By George Cook
After Britain’s decision to leave the European Union in 2016, some were feeling disheartened and concerned about the future of the country economically, socially and politically. Gina Miller has been a figurehead for those who embody such concerns, using her business experience to challenge what she sees as some of the biggest injustices of the 21st century.
Born in Guyana, she moved to Eastbourne with her brother leaving her parents at home. Whilst attending school, she worked in hotels and other businesses to provide for herself as her parents were unable to send money over. This clearly gave her the grounding from an early age to be successful in various aspects of her life whether in business or the charity sector.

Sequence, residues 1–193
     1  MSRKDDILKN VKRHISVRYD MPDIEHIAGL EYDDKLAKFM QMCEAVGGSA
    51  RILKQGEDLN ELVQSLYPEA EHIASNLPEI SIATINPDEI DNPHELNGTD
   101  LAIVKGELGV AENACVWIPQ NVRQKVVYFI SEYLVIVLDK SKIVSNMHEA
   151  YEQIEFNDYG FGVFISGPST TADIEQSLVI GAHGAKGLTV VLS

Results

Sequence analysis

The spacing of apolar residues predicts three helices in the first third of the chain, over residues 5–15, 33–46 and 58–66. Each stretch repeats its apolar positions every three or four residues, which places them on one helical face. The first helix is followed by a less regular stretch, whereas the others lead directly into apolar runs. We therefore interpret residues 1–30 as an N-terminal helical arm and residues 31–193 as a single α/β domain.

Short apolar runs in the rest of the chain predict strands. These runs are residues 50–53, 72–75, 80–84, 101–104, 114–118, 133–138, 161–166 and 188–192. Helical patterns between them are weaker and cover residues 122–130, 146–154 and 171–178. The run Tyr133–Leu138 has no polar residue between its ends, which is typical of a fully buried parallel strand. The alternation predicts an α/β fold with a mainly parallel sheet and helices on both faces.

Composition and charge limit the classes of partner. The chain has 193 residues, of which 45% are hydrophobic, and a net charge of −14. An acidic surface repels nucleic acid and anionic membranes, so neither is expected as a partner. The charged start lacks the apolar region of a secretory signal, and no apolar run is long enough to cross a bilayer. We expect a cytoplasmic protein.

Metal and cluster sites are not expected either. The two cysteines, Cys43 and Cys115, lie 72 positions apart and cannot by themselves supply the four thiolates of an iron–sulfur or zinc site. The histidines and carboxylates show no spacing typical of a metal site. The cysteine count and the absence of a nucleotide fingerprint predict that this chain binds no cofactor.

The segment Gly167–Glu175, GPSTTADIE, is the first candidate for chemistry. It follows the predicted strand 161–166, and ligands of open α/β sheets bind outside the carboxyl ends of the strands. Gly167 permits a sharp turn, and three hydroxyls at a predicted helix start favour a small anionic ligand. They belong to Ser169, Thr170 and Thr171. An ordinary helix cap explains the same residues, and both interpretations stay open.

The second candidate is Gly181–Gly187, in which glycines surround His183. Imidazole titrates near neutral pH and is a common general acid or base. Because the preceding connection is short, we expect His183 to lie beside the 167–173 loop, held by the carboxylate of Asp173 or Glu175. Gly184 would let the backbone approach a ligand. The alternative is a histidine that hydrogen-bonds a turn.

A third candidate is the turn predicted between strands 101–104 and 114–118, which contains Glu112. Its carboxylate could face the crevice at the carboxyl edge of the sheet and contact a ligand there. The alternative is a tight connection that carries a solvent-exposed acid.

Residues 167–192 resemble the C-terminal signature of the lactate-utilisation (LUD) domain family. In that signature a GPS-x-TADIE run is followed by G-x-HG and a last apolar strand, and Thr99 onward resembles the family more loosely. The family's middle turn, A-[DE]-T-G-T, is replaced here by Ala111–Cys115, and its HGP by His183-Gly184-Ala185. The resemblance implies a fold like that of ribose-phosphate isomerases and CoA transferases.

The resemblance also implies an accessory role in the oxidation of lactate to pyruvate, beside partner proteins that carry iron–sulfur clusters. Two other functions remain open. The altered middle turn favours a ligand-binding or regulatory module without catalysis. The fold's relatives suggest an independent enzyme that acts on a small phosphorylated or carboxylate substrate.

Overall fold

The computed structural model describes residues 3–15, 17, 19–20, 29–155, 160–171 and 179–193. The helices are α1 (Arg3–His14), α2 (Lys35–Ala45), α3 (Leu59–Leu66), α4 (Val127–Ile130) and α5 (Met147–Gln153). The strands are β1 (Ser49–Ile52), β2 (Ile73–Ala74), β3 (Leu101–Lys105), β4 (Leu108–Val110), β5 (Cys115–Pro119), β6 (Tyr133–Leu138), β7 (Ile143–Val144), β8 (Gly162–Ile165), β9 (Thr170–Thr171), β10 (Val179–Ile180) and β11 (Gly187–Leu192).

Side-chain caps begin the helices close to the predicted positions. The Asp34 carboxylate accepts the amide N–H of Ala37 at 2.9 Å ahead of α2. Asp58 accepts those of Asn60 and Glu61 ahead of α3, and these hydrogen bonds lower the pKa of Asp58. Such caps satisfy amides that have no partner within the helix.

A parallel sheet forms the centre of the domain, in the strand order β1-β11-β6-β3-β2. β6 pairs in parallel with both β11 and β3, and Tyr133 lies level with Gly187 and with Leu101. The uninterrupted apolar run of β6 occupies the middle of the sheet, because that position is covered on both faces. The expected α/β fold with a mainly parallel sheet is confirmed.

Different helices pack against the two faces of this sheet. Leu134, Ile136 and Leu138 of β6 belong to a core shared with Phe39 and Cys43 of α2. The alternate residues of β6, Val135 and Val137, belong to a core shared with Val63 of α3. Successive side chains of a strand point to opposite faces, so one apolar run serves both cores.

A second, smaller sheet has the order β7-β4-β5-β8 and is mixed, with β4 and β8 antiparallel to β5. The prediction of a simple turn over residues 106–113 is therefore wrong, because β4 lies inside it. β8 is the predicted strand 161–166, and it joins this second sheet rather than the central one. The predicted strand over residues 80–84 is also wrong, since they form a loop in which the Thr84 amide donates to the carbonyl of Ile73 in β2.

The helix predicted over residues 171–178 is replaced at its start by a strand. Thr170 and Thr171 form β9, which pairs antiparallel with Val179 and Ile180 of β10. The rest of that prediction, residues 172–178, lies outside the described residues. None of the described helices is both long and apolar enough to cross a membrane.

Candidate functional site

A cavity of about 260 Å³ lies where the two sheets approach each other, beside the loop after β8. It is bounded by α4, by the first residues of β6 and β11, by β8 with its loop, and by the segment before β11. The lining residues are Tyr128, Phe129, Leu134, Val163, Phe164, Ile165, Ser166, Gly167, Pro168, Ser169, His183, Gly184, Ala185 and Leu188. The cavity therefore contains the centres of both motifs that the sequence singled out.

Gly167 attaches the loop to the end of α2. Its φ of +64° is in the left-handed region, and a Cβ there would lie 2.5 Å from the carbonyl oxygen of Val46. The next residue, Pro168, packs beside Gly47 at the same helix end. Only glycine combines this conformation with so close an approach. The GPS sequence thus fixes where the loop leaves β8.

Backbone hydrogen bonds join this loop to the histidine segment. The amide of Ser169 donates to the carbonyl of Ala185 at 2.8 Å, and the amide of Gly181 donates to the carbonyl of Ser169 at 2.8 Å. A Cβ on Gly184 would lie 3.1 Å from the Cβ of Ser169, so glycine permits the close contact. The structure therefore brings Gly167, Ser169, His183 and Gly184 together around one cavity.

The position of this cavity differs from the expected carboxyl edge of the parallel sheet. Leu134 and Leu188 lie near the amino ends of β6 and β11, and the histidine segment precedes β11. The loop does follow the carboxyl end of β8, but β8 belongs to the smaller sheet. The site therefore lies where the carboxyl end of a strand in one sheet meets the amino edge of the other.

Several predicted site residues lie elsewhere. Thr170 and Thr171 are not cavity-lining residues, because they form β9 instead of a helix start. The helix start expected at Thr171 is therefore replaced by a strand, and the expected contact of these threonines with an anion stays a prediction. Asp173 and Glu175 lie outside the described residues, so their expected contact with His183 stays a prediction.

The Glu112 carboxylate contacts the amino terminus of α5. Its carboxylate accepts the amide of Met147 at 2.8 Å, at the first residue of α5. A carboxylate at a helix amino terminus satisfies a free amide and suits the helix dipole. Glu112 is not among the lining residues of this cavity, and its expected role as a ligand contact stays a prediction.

Ms Miller took on the beast of government and won, which enforced a parliamentary vote on the triggering of Article 50 and she has launched numerous other challenges against those in power to help protect and solve big issues facing local communities.
This interview was a chance to talk about her views on Brexit, the process itself and her opinion on society in its current form.
Brexit is what Ms Miller’s True and Fair Foundation, which was founded in 2009, is most renowned for especially after the high-profile legal case against the government. However, she also stated how ‘the foundation is primarily aimed at community projects and charities who look to reverse some of the worse trends that are happening in society, and it’s something where we proactively go and look for projects and fund them for three to five years.’ Covering a wide range of issues, she said they ‘vary from the environment, social justice to the lack of access to legal aid, child abuse, and there tends to be 10-15 issues we focus on each year’.